A small team, committed to a cause bigger than themselves, can achieve absolutely anything.
I’m back! It’s taken a little while for me to get my thoughts back into sync and now I want to share my experience with you. I could tell you stories for days, it was a sensory overload in so many ways.
So, for those of you that aren’t familiar with The Hunger Project; they work to break the cycle of poverty, believing that “hungry people themselves are the key to ending hunger”. They help unleash their vision, commitment and leadership, arming them with the skills and knowledge to help them feed themselves and their families.
Our program lasted 8 days with 5 of those on the field. During our time we visited numerous epicentres, all at varying stages of their journey. We also met people from a village not yet associated with THP – it was a VERY different experience. THP spend an entire 2 years working with villages on mindset change, this includes everyone in the communities and the village leaders. This is before anything else happens. Seems a lot – I can hear you thinking. During this time the villagers learn to believe that they are the key to ending their own poverty; without this, the program would not succeed. From here, the villagers build their own epicentres, right down to making the very bricks they use, it’s a remarkable process and rewarding to the max, further reinforcing a sense of importance and self worth.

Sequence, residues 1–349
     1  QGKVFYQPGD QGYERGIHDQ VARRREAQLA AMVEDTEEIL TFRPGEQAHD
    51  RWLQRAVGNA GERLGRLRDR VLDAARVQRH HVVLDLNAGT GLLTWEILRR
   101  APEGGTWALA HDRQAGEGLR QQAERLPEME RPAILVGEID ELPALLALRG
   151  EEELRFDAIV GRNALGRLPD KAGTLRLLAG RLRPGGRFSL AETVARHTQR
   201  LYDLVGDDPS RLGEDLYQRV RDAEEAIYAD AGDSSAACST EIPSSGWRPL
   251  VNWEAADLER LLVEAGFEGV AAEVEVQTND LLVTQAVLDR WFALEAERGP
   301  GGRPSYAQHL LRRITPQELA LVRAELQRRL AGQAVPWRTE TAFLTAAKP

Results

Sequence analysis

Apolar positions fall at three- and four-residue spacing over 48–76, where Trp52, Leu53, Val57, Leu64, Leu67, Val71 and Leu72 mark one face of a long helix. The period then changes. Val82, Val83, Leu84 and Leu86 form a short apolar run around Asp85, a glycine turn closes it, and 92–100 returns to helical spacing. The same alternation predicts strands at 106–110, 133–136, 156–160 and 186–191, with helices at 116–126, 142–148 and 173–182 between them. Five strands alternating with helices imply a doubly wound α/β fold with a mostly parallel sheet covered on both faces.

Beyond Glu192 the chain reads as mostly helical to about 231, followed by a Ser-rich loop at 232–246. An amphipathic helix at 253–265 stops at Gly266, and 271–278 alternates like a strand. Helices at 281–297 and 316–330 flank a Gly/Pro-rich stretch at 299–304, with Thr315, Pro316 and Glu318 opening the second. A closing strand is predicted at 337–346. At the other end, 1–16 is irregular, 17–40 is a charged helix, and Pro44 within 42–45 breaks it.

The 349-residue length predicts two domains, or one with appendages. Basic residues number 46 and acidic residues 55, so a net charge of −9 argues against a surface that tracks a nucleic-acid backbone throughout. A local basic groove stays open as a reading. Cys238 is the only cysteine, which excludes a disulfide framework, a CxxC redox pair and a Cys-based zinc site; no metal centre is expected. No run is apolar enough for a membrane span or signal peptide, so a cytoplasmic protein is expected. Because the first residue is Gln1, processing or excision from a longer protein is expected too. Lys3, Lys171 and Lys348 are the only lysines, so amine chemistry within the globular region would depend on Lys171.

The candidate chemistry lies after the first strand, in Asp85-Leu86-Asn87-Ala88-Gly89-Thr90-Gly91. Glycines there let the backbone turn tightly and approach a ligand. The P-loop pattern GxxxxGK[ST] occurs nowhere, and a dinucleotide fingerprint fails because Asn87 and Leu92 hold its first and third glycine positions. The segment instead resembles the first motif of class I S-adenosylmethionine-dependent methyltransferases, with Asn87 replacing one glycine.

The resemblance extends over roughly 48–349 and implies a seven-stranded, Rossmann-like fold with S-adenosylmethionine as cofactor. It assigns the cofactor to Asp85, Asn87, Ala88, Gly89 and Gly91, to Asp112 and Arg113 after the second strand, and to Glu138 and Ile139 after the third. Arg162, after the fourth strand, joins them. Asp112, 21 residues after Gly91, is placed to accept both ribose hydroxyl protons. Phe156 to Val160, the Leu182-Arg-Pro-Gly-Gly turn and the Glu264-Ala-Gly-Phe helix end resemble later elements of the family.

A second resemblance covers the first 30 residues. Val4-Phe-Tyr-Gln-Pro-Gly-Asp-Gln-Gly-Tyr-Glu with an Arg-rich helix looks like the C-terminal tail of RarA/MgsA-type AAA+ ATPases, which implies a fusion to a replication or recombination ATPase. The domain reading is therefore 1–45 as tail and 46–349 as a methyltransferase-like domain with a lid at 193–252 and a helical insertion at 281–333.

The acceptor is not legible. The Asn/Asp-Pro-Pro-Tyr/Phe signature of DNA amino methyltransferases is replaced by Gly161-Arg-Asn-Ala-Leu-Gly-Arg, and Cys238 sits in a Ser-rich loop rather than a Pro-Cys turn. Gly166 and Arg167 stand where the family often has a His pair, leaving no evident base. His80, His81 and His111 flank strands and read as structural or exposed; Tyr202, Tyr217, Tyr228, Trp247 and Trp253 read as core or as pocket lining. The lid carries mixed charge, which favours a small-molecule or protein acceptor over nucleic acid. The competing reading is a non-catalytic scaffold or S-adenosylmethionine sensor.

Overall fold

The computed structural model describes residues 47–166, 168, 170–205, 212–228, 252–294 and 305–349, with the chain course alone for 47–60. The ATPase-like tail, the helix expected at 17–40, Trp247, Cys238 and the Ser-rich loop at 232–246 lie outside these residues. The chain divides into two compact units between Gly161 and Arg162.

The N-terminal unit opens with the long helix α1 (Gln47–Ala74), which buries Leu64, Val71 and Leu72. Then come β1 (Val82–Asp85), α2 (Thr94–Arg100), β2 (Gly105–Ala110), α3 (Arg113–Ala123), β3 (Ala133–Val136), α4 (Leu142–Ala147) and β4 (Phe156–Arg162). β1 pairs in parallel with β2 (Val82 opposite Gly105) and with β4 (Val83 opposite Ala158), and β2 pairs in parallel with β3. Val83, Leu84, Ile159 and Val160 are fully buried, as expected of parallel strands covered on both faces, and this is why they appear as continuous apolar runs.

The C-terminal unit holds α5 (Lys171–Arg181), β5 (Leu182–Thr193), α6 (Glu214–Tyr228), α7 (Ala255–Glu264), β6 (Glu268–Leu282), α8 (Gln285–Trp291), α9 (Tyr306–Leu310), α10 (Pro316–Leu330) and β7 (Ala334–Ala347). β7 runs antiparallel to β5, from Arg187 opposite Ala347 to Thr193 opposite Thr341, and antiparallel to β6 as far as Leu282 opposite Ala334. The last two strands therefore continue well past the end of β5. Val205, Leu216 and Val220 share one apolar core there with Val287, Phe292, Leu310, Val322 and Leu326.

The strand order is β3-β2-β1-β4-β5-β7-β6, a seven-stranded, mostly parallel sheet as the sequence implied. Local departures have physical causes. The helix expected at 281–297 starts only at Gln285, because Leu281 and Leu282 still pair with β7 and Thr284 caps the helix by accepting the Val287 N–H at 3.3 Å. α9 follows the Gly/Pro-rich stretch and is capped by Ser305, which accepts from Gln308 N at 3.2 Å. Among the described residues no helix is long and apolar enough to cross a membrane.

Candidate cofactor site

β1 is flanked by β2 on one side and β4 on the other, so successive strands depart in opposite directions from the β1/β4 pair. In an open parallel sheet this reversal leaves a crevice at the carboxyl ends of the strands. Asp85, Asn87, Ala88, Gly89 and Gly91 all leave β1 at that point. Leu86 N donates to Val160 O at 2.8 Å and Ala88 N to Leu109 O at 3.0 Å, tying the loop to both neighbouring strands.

Spending time with the different THP villages was an uplifting experience. It was so wonderful to hear them talk of excess food supplies, HIV support groups and education. It was clear to see how much progress THP has helped these people achieve. Taboos of old were no longer; people could speak freely about their health, women no longer had fear around child birth, babies are being born in maternity wards rather than the roadside! One epicentre celebrated the birth of 50 babies a month, and not one birth related death in the past year.
The one village we visited that was not part of THP was a different ball game altogether. It devastated us to see the people so broken with empty eyes and so much sadness. Even the children were introverted and void of any emotion. Here, unlike the other villages, there was chronic malnutrition, no support and death all around. One woman that touched my heart so much was Christina, I felt such an affinity to her; a 38 year old (she thinks) mother of 5 children, 4 of which had died. I could relate to her so much, we’re not so different; I was just born into a country of such great fortune and opportunity, she was not. I will never forget Christina.
I could write for hours! But, in a nut shell, the trip was re-calibrating, life altering and confronting. I will never forget it and it makes me all the more determined to continue the work of The Hunger Project and put an end to poverty!